“The State of City Pension Plans 2013: A Deep Dive into Shortfalls and Surpluses” was released by Morningstar, Inc., a provider of investment research. Pension plans and liabilities for the 25 most populous U.S. cities are analyzed by Morningstar’s municipal credit analysts. The report shows great disparity in funding among the 25 most populous U.S. cities, though U.S. states are slightly better funded than cities on a median basis.
“We focused on the 25 most populous cities because they are major financial centers and play an important role in the overall economy and the larger municipal bond market,” says Rachel Barkley, municipal credit analyst for Morningstar, based in Chicago. “While municipal bankruptcies are rare, the recent cases of Stockton and San Bernardino in California, along with the city of Detroit, may have significant impact on the national level as we see how the federal bankruptcy court will view state constitutional protections of retirement benefits.”
The report also reveals:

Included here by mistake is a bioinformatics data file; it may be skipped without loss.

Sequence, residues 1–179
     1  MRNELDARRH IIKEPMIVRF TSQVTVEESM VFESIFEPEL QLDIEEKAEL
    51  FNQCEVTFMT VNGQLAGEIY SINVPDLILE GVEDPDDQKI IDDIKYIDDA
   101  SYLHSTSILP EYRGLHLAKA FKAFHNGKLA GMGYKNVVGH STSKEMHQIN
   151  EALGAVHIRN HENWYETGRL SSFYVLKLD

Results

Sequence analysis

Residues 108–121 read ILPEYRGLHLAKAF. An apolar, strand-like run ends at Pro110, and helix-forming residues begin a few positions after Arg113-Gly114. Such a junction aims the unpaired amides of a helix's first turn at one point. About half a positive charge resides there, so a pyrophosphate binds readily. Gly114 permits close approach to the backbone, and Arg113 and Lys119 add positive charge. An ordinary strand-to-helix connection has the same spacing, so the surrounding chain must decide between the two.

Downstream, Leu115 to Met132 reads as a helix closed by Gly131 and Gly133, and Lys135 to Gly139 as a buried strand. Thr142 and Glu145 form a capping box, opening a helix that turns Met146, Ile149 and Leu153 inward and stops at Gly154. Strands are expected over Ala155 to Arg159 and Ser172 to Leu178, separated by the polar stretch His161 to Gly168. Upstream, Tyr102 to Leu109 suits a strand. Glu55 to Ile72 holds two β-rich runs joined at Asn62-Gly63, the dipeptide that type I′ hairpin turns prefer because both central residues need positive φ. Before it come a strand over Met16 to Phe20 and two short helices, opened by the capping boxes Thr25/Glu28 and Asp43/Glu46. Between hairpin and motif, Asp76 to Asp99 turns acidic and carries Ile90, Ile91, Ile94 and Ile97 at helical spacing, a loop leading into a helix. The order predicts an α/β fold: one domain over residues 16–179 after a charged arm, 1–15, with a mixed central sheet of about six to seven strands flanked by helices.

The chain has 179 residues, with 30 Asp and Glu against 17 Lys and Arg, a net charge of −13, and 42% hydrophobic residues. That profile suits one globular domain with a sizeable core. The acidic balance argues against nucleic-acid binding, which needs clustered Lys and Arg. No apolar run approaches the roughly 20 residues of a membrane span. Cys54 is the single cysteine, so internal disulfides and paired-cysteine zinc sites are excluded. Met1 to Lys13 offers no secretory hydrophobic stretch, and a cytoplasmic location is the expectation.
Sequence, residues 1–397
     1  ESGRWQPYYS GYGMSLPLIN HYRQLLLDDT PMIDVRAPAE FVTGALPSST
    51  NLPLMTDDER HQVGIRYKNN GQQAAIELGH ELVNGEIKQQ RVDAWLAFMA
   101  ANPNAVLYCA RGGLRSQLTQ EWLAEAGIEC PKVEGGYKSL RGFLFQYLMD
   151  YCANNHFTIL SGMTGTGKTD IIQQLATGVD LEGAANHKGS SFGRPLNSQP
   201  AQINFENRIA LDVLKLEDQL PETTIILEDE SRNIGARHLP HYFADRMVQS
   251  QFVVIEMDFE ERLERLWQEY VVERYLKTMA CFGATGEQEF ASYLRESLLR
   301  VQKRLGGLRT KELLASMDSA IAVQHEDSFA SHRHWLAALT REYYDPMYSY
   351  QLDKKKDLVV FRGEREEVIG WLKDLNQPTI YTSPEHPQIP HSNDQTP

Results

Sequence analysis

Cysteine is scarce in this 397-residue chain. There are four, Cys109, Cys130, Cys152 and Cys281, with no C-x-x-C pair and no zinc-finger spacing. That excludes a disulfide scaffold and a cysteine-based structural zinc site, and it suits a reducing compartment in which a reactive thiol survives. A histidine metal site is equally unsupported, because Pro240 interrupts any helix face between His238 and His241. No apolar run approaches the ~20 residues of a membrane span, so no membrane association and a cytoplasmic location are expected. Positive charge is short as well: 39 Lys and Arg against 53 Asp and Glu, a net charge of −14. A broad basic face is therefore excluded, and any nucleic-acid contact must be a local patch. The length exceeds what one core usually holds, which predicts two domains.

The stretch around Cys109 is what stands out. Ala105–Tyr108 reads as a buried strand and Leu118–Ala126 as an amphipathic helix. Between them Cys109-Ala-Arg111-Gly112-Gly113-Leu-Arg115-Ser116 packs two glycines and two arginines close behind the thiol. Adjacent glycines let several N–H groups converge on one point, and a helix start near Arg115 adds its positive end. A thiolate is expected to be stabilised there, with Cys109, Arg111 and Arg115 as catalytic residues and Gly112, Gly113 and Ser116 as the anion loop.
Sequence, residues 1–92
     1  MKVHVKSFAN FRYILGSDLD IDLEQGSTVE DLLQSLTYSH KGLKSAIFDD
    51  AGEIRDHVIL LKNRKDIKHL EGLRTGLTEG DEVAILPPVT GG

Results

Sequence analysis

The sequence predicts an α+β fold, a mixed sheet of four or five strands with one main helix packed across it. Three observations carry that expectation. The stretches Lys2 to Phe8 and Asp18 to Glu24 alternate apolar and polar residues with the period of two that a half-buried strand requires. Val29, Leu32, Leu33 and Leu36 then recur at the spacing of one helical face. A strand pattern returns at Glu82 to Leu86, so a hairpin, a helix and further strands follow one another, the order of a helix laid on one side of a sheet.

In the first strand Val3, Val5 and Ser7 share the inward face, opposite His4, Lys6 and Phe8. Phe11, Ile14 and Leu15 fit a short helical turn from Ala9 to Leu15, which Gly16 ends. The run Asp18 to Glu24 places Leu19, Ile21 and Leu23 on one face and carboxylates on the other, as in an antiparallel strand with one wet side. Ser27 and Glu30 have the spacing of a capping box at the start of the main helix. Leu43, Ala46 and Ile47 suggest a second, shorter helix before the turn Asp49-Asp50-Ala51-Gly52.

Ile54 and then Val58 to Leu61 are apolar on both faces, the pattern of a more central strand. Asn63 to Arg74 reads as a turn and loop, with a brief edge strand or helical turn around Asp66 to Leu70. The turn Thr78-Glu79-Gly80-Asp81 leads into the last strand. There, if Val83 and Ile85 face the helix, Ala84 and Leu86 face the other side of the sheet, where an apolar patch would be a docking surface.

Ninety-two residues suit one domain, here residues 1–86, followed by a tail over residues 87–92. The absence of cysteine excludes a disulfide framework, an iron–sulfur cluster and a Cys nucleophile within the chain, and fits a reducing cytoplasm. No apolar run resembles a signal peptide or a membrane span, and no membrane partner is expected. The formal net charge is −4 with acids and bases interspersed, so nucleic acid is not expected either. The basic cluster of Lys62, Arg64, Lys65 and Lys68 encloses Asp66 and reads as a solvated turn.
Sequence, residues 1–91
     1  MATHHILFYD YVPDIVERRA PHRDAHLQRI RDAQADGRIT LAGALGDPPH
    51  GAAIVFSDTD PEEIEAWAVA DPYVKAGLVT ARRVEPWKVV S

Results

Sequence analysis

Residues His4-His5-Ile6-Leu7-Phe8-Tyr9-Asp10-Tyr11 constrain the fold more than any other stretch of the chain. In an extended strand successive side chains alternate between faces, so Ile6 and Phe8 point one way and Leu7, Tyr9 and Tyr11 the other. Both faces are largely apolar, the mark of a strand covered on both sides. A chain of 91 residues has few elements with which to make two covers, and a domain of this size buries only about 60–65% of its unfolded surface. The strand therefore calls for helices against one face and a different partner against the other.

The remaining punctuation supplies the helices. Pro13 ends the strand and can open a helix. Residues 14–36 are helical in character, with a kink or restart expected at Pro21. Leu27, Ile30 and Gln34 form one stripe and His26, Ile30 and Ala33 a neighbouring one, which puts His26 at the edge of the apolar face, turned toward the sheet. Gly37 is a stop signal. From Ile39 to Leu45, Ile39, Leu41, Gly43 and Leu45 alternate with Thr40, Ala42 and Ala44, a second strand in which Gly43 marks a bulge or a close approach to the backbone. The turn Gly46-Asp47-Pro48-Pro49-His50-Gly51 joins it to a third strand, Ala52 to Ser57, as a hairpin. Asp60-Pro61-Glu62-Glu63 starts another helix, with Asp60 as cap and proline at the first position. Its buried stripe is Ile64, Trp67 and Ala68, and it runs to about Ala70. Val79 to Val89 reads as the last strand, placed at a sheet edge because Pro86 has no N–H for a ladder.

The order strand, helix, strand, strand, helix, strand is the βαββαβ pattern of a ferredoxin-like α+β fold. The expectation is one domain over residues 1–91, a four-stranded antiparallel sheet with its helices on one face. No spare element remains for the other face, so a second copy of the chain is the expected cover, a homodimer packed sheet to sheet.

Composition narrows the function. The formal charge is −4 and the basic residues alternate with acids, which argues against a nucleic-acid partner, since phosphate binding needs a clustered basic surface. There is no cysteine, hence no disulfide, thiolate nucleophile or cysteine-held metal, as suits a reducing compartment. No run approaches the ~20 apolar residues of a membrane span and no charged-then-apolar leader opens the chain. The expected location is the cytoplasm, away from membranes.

- The 25 most populous U.S. cities have more than $125 billion of unfunded pension liabilities;
- Twenty-two of the largest cities have the majority of their pension liabilities tied to a pension plan where the city is the major participant, which means the pension liability will have to be funded either solely or mainly by the city;
- Approximately half of the cities evaluated contribute the full Annual Required Contribution (ARC), or the required dollar amount a city would need to pay to fund employee benefits earned in the last fiscal year;
- San Jose, California’s 2012 pension contribution was 29.7% of general fund spending, the highest among the largest 25 cities;
- Memphis, Tennessee, made the smallest pension contribution in 2012 at 3.1% of general fund spending;
- Three cities have a funded ratio (plan assets divided by liabilities) of more than 90%. They are Detroit, Michigan, San Antonio, Texas, and Washington, D.C.;
- Washington D.C. is the strongest among the cities reviewed in the report, with funding for its pension plans greater than 100%;
- Seven of the evaluated cities fall below Morningstar’s fiscally sound threshold of a 70% funded ratio; and
- Chicago is the weakest-funded city pension system with a funded ratio of 35.2%.
The report also includes analyst commentary about annual budgetary pressures, pension reform, the effects of municipal bankruptcies and red flags. Morningstar analysts also compiled a number of key metrics and data for the pension plans of the 25 most populous U.S. cities, including actuarial assets, actuarial accrued liability, funded ratios, unfunded actuarial accrued liability (UAAL) per capita, annual city contributions, annual pension contributions as a percentage of spending, and net outstanding debt.
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